May avoids debate as Labour cuts Tory lead

Corbyn told the Independent he was "very concerned" about how soon Trump was invited by Prime Minister Theresa May; a week after he took office in January.

British Prime Minister Theresa May's Conservative Party risks falling short of winning an overall majority of seats in parliament in a national election on June 8, The Times newspaper says, quoting research by polling firm YouGov.

May had agreed to participate in a televised town hall interview broadcast by Channel 4 News and Sky on Monday on the condition that she will not be on stage at the same time as her rival.

Missing from the line up was Prime Minister Theresa May who declined to take part, with the Home Secretary Amber Rudd instead representing the Conservative Party.

It was the clashes between Mr Corbyn - who only announced hours before the debate that he would take part - and Ms Rudd that were the most heated during the debate, with angry disagreements on the economy, Brexit, immigration and terrorism.

"The brighter future we want for our country will not just happen", she will warn.

"Vote Labour to transform Britain for the many, not the few".

It was of course predictable that the PM would come in for a bit of stick for not bothering to turn up, even though everyone was more than well aware that she wouldn't be in attendance long before the cameras started rolling.

In his opening statement, Liberal Democrat leader Tim Farron wasted no time, asking where Theresa May is and suggesting she might be "outside, sizing up your house to pay for your social care".

"Set free from the shackles of European Union control, we will be a great, global trading nation once again bringing new jobs and new opportunities for ordinary working families here at home", she will say, according to quotes supplied by her campaign.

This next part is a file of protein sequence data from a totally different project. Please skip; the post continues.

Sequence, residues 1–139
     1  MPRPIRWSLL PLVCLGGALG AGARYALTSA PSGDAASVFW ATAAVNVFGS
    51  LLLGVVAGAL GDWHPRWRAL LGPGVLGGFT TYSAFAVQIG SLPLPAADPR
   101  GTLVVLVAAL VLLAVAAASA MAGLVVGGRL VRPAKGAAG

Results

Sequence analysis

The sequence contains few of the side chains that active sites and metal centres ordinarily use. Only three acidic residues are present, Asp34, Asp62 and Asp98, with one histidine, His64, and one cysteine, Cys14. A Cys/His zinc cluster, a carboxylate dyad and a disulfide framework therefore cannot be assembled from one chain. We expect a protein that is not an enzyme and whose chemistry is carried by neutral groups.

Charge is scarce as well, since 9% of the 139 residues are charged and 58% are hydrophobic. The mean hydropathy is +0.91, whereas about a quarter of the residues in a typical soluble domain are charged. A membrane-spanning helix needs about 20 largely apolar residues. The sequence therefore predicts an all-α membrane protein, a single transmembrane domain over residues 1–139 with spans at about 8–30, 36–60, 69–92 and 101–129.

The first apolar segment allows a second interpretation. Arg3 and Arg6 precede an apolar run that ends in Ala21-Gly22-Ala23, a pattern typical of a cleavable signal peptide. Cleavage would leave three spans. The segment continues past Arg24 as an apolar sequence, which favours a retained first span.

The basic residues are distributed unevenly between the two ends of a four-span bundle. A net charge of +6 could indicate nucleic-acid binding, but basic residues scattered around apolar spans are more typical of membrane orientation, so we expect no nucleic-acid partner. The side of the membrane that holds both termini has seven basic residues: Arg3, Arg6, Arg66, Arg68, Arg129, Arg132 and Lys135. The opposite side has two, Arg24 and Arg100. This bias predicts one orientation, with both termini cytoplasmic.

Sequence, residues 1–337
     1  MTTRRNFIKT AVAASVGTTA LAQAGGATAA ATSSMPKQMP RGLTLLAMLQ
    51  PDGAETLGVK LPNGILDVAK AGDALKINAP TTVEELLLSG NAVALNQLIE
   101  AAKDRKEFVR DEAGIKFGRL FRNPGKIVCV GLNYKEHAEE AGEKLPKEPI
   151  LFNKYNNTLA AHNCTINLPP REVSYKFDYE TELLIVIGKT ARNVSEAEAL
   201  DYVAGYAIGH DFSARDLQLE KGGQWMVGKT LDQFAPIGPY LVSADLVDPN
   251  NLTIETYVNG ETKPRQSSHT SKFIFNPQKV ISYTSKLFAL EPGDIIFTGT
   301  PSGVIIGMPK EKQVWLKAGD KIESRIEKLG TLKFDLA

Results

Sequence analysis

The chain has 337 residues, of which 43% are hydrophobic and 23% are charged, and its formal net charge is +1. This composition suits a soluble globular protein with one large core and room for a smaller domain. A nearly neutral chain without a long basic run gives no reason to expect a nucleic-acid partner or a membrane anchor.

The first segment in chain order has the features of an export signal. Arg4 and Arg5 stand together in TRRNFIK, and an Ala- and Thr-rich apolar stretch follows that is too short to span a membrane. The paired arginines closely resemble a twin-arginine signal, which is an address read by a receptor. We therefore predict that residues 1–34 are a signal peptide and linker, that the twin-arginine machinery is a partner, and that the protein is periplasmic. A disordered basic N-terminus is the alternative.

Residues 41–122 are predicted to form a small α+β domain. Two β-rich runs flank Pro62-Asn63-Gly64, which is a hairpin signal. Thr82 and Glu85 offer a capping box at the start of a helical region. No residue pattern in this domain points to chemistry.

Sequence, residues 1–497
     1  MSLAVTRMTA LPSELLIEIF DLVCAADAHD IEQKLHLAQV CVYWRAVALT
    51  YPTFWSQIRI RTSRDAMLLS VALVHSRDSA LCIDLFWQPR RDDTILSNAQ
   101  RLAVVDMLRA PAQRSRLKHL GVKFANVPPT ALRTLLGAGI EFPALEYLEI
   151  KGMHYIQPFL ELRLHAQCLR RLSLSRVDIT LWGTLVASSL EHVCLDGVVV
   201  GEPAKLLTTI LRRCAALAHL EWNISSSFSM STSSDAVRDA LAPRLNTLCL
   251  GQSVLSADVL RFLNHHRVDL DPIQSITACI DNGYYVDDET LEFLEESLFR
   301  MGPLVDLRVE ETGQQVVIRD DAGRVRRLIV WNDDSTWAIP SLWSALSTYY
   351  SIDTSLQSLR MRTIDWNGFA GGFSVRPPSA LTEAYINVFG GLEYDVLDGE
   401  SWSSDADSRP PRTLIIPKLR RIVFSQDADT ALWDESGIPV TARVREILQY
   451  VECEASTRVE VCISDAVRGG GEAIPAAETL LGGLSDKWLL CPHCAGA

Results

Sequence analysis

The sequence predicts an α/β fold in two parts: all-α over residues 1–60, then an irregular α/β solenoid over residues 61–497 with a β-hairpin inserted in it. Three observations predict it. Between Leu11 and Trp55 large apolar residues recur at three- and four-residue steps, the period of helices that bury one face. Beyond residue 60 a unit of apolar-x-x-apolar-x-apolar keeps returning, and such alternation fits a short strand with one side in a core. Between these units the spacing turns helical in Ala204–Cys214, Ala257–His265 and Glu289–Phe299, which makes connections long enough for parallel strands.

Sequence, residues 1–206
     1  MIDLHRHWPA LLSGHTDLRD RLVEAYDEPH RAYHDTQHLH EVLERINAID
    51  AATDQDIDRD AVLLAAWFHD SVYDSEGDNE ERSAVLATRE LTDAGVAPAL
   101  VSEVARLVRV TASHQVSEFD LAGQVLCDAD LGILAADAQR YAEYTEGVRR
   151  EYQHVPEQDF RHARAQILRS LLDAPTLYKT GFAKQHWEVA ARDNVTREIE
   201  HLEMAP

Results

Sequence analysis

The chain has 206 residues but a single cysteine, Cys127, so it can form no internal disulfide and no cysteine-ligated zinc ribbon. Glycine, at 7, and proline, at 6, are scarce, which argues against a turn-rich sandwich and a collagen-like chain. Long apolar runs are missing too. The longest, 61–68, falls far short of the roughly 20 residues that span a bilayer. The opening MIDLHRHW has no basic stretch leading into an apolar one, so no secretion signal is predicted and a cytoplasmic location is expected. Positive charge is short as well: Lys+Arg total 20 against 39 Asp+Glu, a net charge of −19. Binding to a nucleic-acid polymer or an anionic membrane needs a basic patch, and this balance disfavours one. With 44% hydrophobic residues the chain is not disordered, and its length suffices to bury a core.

Green party co-leader Caroline Lucas said Ms Rudd's response was "downright insulting".

Ms Rudd was laughed at by the audience as she called for people to "judge us on our record" on the public finances.

Mr Nuttall was also criticised by the other panellists for the way he talked about the Manchester bombing and Islam but he was unapologetic as he refused to rule detention without trial on terror suspects.

He said: "I've said nothing should be taken off the table".

Corbyn said he "utterly deplored" Nuttall's "subliminal attack on people of the Muslim faith" after the anti-EU party leader accused the Muslim community of not doing enough to report extremism.

"We have to recognise that we live in a multi-faith society", Corbyn said.

Nuttall's remarks were also condemned by SNP Deputy leader Angus Robertson who pointed out that a white neo-Nazi was responsible for the murder of MP Jo Cox. Since then, several mis-steps by May have thrown the contest into uncertainty.

The YouGov poll - conducted on May 30-31 - puts the Conservatives on 42 percent, down one point from a comparable poll on May 27.

May surprised nearly everyone in April when she called the snap election, saying she wanted to strengthen her hand for negotiations with the rest of the European Union about Britain's exit from the bloc.

  • Leroy Wright